Trump has been obsessed by the idea of a massive military parade ever since attending the Bastille Day celebration in Paris two years ago, first ordering up a Veterans Day parade for 2018 that was canceled only after the price tag proved embarrassingly high. For someone who literally cannot grasp the possibility that more people voted for his opponent than him, or that fewer people came to his inaugural than his predecessor’s, it is not much of a reach to imagine that in the president’s mind he will see the flyovers and the fireworks as a nation paying tribute to the greatness of a man, rather than the other way around.
It is true that, on some public occasions, Trump has been able to subordinate this vanity to a sense of occasion, at least in his literal words. His speech in Normandy at the 75th anniversary of D-Day was an unexceptionable tribute to the men who stormed the beaches, although a different White House might have thought better of staging an interview with Fox News’ Laura Ingraham in front of a graveyard filled with the bodies of those men. He has delivered State of the Union speeches without describing Democrats in the House chamber as treasonous, or the media in the press sections as enemies of the people.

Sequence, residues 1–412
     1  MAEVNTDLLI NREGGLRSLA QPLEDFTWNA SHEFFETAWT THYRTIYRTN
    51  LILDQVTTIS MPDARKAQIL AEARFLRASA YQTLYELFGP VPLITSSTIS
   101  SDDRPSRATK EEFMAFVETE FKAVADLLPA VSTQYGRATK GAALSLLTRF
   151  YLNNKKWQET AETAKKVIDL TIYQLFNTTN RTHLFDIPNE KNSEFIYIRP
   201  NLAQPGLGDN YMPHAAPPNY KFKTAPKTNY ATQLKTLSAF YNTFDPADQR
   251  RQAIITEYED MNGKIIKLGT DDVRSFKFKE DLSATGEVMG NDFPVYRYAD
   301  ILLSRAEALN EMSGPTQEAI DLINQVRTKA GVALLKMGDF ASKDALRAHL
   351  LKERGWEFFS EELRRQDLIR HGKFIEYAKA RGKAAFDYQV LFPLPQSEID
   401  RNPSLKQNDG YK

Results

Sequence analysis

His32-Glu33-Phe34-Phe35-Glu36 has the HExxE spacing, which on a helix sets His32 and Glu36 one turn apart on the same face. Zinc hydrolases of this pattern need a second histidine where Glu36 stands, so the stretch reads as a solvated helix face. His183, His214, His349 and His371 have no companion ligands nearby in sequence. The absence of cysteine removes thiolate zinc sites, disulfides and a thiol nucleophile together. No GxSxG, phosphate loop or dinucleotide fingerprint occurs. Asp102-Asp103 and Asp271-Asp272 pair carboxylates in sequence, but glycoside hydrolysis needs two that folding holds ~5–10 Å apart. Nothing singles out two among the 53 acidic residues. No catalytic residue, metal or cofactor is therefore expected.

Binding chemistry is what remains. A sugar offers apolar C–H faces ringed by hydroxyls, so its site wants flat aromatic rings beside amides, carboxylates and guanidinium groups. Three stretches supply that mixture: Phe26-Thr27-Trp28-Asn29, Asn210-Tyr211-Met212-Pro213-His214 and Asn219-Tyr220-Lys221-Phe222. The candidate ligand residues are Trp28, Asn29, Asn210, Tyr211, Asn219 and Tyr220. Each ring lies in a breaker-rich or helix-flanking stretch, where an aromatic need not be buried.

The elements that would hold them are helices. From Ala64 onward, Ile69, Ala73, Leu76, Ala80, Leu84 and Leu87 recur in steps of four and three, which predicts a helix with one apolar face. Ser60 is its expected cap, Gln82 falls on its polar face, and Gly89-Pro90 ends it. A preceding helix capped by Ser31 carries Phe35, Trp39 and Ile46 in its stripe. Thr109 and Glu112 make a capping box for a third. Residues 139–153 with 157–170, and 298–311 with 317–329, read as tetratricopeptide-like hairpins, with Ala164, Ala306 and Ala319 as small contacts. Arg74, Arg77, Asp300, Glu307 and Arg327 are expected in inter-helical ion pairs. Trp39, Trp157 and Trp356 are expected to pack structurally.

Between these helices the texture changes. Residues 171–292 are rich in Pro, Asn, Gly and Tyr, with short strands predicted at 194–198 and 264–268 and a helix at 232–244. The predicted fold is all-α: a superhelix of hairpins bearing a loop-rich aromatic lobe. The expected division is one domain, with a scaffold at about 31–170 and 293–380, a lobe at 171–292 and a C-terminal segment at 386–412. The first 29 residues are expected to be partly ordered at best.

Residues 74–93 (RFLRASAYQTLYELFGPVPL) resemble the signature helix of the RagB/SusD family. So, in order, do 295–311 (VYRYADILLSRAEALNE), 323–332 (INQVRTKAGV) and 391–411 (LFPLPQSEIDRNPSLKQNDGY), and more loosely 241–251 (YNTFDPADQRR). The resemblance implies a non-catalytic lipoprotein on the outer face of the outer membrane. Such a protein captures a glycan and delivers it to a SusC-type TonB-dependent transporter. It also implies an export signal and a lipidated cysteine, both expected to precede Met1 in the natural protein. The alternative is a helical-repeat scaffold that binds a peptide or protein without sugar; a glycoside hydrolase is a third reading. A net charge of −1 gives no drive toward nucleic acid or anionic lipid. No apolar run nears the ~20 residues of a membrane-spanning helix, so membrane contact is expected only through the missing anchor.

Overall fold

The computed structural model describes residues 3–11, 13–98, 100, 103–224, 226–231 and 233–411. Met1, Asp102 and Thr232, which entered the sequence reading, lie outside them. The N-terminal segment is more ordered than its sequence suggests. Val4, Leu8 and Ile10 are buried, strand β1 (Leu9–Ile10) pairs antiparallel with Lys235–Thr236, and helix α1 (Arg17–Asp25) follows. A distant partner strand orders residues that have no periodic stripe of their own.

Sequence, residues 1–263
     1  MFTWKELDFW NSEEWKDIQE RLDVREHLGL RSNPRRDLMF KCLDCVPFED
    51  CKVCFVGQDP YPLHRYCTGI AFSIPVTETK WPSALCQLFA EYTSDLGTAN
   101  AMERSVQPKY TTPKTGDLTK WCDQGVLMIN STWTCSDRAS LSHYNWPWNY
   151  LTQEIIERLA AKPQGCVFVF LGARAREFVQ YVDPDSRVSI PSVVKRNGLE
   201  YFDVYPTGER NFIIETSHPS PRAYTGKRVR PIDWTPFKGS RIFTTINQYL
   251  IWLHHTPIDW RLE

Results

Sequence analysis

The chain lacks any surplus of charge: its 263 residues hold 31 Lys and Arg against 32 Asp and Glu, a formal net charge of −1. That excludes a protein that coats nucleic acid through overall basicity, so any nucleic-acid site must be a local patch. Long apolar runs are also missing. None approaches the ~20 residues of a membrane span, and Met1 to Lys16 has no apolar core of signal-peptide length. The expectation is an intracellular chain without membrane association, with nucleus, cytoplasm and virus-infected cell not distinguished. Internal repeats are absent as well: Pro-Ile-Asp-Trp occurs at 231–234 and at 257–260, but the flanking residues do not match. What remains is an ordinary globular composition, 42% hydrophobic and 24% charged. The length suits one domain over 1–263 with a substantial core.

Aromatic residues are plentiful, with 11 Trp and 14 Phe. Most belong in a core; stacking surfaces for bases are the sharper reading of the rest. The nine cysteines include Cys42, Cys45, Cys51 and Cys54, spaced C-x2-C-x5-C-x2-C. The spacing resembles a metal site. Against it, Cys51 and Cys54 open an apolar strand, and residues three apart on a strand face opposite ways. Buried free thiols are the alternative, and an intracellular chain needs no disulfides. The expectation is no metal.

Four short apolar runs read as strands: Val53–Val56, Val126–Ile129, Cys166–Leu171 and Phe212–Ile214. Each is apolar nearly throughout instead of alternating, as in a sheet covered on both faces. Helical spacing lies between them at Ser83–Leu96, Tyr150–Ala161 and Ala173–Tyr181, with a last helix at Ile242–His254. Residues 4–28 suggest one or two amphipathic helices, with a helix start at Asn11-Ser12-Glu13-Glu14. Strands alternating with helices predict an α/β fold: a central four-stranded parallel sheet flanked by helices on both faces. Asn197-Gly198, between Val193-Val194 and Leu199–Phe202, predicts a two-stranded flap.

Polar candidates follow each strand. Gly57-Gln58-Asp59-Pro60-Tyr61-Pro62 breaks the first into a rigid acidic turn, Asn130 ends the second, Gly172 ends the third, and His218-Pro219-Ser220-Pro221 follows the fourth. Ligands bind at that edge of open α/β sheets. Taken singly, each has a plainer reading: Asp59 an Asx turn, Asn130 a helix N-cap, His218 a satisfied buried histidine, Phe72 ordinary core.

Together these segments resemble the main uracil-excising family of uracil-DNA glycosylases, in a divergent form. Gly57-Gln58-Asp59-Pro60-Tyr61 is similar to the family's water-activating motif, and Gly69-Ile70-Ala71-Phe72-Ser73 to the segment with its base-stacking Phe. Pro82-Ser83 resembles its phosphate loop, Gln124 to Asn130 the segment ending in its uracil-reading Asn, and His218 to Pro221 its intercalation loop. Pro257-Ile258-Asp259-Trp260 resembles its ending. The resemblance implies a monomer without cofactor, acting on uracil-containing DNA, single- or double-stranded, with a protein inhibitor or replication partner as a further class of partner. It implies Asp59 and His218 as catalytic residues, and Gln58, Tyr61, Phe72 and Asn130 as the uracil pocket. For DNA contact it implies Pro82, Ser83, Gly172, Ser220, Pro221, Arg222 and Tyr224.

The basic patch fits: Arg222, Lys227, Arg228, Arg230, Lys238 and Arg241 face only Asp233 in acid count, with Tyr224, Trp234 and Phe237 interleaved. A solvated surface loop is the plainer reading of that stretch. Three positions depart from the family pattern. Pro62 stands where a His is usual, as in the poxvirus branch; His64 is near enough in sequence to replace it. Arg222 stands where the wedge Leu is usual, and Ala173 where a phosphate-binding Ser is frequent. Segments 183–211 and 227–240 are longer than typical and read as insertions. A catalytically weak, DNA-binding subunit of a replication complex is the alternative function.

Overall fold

What remains unsettling, however, is the thoroughly reasonable conviction that when the president delivers such homilies, he has no real connection to those words. At any moment, it’s plausible to expect that the id will drive the superego from the podium, and the explosion of grievance, self-pity and rage will erupt—dominating a day that has in recent times been free of political division.
To be fair, however, that would not be the worst result of a presidential Fourth. Back in 1845, President James Polk presided over a fireworks display at the White House. During the festivities, 12 rockets were accidentally fired into the crowd, and two people were killed. If the worst thing that happens tomorrow is just a speech, we can be thankful for small favors.